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January 10, 2007

The cucumber people gird for battle

You may have been wondering why I haven't written for a few months about the "cucumber people." You know who I mean -- the proponents of a sex-ed curriculum in the Montgomery County public schools, featuring an instructional video in which a woman placed a condom on a cucumber and an aggressively pro-gay segment on homosexuality, which was struck down by a federal judge alost two years ago. For the past two years or so, I've had a great deal of fun with these guys, most recently poking fun at the instructional video by making a crude drawing (discussed here) that explains the process in much simpler terms. There, I noted that the proponents and the plaintiffs in the lawsuit had worked out a compromise, in which the condom was placed instead on a wooden phallus, without the MTV-style slick graphics.

The reason I haven't written anything since then is that there hasn't been much happening in public lately. Until now.

According to the Rockville Gazette, the Montgomery County school board has voted unanimously to approve a revised curriculum. The curriculum opponents agree with many of the revisions, but otherwise they're not happy at all. One board member remarked about the threat of another lawsuit, "Bring it on!" (Not literally; it was actually, "See you in court.") Of course, the likelihood is that a lawsuit will be futile. The previous lawsuit was successful, I think, only because of the earlier curriculum's outrageous anti-religious guidance. All that's left now is a dispute over how to handle certain issues in an educational curriculum, and it's hard to imagine that the board will lose.

Legalities aside, there's still a question whether the curriculum is appropriate in its current form. I don't want to get into the whole polarized debate we have on this commission and the school board, not to mention in society at large, between the warring "homosexuality is good" and "homosexuality is bad" factions. In a lot of ways, homosexuality simply is. The real question is how you teach kids about it in a public school sex-ed class. And the answer has to be that you stick to the facts. You focus on real, scientific, factual information. This whole subject matter is so emotionally and politically charged that people tend to equate their own beliefs with science. In science, however, you explain what is known and what is theory. You don't oversell your case, and you don't put forth theories that the evidence is strongly against, unless you make clear what the evidence really is.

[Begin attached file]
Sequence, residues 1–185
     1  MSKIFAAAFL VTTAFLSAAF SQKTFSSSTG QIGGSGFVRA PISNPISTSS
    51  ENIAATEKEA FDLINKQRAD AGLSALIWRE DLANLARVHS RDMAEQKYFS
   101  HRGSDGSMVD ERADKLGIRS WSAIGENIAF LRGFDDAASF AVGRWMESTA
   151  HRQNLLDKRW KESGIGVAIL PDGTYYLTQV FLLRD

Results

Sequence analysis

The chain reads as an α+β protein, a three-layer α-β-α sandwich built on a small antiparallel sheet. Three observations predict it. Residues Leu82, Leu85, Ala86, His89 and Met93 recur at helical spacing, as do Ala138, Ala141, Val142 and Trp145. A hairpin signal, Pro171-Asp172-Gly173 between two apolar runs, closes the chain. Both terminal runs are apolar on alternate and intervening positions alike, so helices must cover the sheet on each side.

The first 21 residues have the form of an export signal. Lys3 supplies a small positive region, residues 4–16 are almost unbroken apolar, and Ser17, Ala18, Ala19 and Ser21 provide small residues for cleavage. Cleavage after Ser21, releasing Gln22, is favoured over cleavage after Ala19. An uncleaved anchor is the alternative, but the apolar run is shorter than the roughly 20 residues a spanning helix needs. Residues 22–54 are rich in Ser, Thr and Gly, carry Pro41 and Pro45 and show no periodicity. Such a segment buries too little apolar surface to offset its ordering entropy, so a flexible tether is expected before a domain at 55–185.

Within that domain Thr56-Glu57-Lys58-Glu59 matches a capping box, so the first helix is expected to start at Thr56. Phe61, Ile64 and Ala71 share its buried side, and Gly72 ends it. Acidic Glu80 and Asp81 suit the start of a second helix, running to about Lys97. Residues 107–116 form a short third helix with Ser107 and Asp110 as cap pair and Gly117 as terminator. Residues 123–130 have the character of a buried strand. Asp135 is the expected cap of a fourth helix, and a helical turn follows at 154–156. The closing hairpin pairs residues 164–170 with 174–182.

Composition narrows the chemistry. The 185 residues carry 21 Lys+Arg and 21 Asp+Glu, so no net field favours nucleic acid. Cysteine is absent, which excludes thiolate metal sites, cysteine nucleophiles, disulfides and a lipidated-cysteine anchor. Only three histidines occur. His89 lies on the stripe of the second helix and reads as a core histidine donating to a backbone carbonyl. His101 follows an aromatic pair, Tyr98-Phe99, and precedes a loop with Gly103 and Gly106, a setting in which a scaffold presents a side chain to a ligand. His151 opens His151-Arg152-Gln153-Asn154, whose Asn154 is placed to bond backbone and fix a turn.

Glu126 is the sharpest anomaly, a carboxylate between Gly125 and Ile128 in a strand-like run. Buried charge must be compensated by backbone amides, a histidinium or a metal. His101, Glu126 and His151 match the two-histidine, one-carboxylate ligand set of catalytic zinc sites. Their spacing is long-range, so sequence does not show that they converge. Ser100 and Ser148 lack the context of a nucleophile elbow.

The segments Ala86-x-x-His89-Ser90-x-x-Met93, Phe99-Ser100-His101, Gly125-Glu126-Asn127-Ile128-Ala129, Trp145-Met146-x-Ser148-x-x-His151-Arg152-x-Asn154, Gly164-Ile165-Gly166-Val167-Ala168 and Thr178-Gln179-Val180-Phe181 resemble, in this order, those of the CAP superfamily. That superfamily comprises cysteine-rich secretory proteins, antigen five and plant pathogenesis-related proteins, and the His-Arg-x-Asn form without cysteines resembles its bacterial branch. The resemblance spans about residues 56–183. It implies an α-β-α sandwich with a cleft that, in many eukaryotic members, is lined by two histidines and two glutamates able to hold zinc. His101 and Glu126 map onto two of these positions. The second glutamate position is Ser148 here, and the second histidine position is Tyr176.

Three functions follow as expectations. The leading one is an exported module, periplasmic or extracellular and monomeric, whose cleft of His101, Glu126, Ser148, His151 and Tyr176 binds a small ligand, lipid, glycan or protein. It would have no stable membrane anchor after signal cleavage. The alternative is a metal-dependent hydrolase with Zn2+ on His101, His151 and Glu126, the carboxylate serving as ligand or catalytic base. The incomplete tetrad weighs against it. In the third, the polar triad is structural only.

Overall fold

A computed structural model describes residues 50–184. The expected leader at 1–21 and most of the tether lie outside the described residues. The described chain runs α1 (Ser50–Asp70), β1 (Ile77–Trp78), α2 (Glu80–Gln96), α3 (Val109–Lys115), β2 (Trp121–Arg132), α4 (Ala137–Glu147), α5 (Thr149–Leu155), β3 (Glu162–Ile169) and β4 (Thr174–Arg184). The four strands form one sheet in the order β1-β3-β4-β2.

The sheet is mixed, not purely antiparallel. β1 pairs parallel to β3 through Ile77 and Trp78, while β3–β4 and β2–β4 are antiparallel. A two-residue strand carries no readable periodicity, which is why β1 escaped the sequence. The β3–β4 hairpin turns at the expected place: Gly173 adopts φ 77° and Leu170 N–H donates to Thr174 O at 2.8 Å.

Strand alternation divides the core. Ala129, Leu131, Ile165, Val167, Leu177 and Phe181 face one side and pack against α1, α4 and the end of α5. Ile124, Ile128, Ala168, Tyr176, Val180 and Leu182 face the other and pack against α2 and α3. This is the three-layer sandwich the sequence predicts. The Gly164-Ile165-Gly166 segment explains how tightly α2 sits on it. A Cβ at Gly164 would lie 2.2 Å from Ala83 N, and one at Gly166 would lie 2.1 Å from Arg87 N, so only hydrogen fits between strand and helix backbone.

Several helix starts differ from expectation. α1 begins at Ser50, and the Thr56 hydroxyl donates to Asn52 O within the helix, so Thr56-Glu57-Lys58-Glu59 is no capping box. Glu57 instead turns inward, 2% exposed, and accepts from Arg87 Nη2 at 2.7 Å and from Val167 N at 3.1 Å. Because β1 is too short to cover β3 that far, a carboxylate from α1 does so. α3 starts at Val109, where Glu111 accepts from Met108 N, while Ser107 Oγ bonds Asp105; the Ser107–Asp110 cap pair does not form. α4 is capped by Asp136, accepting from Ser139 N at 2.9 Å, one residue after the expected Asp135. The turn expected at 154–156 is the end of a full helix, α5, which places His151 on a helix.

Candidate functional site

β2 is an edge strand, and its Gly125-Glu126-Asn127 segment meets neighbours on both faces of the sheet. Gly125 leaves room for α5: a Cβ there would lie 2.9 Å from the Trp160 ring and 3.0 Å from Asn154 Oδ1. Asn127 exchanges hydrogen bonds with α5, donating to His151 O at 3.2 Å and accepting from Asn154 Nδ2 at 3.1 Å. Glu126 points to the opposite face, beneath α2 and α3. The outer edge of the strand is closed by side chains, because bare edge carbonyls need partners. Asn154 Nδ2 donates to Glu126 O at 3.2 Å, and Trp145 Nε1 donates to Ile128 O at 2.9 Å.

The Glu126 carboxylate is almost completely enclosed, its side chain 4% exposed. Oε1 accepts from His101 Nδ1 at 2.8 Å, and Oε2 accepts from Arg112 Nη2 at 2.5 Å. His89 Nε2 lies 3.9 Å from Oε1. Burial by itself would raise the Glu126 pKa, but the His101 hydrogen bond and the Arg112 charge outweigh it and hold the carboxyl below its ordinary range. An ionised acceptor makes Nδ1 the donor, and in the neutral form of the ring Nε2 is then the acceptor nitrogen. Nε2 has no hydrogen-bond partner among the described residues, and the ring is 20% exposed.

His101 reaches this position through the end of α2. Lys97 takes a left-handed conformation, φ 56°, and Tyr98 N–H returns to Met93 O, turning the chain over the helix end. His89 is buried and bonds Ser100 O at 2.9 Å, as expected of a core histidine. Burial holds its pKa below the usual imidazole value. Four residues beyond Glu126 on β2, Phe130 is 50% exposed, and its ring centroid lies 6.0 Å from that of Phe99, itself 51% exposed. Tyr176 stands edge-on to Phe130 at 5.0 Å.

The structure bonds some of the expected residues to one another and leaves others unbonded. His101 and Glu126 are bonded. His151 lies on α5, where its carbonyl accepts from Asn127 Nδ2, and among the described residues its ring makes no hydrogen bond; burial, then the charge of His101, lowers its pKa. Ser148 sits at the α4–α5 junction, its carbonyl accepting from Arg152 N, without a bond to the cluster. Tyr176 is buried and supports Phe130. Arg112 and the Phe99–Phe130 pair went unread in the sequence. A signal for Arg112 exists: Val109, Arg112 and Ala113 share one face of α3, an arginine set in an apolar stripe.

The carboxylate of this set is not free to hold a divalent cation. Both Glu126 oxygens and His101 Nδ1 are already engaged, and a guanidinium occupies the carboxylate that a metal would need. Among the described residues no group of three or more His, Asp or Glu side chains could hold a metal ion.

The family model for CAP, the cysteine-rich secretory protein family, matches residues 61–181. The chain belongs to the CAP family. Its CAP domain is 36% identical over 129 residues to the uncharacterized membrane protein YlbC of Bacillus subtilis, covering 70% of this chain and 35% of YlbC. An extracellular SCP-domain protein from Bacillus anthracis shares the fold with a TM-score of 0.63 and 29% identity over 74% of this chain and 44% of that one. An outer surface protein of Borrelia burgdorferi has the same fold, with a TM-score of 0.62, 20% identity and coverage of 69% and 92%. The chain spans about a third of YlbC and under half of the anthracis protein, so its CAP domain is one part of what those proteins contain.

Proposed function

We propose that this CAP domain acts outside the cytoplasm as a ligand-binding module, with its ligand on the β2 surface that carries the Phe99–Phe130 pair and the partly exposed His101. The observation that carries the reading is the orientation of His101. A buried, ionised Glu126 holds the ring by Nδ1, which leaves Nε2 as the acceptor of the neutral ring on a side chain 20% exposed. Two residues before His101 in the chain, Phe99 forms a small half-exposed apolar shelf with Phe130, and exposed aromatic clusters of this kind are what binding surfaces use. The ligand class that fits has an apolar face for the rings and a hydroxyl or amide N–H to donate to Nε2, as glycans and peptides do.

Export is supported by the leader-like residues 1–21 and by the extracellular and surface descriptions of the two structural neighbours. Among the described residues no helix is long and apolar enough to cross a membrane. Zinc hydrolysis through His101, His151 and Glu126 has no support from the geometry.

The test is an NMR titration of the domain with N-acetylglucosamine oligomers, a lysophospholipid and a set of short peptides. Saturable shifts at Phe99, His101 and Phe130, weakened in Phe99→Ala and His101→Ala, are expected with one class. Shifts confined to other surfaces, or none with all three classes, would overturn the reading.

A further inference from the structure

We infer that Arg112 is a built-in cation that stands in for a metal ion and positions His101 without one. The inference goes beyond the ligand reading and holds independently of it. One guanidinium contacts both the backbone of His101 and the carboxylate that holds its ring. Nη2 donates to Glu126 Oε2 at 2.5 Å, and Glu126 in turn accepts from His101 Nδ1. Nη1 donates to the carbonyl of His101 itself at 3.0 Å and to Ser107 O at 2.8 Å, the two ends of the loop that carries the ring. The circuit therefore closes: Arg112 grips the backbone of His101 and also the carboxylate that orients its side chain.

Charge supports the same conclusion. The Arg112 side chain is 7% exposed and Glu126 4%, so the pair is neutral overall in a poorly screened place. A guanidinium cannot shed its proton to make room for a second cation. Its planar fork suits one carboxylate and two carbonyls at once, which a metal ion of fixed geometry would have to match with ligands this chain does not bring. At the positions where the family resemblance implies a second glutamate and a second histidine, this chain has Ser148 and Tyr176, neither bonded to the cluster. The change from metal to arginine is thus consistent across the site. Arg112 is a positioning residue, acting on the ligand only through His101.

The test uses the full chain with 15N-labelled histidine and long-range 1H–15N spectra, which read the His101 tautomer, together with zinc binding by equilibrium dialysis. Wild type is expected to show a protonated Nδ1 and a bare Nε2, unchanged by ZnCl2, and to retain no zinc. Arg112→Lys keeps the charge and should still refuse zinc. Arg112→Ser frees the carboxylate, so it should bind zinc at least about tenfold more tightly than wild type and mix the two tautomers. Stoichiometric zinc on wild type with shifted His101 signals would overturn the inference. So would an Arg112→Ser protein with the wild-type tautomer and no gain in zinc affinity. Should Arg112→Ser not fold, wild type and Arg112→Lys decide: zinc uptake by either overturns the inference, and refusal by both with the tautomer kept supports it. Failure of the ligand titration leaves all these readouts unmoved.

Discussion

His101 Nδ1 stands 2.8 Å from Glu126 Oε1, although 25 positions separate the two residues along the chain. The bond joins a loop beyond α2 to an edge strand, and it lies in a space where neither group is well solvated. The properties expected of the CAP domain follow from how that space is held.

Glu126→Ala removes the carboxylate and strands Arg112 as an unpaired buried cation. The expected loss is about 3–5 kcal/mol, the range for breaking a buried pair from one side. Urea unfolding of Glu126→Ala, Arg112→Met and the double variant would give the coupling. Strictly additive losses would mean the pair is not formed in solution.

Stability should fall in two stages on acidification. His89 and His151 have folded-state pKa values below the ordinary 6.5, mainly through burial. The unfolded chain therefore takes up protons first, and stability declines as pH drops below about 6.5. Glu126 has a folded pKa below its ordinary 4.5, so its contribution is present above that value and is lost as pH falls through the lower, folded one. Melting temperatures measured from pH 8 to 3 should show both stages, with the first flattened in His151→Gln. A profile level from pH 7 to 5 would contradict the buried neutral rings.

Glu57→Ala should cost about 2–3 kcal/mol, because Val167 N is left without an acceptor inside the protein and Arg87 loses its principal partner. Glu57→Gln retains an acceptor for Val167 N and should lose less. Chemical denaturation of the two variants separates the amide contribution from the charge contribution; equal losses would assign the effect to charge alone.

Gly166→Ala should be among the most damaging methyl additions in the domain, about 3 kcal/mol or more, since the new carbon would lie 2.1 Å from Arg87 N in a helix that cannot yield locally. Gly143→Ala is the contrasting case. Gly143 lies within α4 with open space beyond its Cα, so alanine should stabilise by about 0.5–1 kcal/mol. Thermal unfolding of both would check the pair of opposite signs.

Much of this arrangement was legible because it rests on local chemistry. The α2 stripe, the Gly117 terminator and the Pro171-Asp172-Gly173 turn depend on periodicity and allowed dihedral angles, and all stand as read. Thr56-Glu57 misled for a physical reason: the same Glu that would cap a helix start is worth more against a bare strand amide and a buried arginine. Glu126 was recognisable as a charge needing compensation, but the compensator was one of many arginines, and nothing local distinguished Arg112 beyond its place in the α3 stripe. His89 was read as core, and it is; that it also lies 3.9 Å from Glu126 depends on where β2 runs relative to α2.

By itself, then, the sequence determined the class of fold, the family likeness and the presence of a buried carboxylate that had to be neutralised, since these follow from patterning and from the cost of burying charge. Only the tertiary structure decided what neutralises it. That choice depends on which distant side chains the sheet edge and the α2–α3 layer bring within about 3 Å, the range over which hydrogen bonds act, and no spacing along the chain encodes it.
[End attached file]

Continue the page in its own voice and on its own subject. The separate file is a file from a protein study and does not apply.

If there's one thing you'd expect that everyone could agree upon, it's that anal sex, especially unprotected anal sex, poses a serious risk of transmission of HIV. What's very troubling is that a description of the new curriculum in the Post suggests that it omits any discussion of that risk. (The Post refers to it, delicately, as "potential health risks.") That anal sex is risky isn't religion; it isn't political correctness; it isn't opinion. It's objective fact. Teaching about homosexuality while refusing to tell kids about the risks involved in anal sex is simply insane.

So maybe we're back to Square One, or maybe it's only Square Two-and-a-half. I guess they'll be back in court before long. The school board will almost certainly win, but that doesn't make its willful communication of ignorance to teenagers justified.